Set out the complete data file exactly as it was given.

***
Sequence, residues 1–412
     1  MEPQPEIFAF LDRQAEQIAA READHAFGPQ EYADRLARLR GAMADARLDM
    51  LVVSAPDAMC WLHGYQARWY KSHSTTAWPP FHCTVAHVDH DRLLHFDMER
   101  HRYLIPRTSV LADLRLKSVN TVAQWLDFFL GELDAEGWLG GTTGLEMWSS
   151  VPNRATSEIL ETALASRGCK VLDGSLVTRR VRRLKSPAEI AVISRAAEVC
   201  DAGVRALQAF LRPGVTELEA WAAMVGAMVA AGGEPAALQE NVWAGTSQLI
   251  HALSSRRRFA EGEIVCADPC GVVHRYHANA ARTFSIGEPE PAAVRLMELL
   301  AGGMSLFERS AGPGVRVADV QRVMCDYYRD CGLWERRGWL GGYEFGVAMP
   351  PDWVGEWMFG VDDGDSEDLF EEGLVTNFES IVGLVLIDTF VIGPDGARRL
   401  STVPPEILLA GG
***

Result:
Sequence, residues 1–412
     1  MEPQPEIFAF LDRQAEQIAA READHAFGPQ EYADRLARLR GAMADARLDM
    51  LVVSAPDAMC WLHGYQARWY KSHSTTAWPP FHCTVAHVDH DRLLHFDMER
   101  HRYLIPRTSV LADLRLKSVN TVAQWLDFFL GELDAEGWLG GTTGLEMWSS
   151  VPNRATSEIL ETALASRGCK VLDGSLVTRR VRRLKSPAEI AVISRAAEVC
   201  DAGVRALQAF LRPGVTELEA WAAMVGAMVA AGGEPAALQE NVWAGTSQLI
   251  HALSSRRRFA EGEIVCADPC GVVHRYHANA ARTFSIGEPE PAAVRLMELL
   301  AGGMSLFERS AGPGVRVADV QRVMCDYYRD CGLWERRGWL GGYEFGVAMP
   351  PDWVGEWMFG VDDGDSEDLF EEGLVTNFES IVGLVLIDTF VIGPDGARRL
   401  STVPPEILLA GG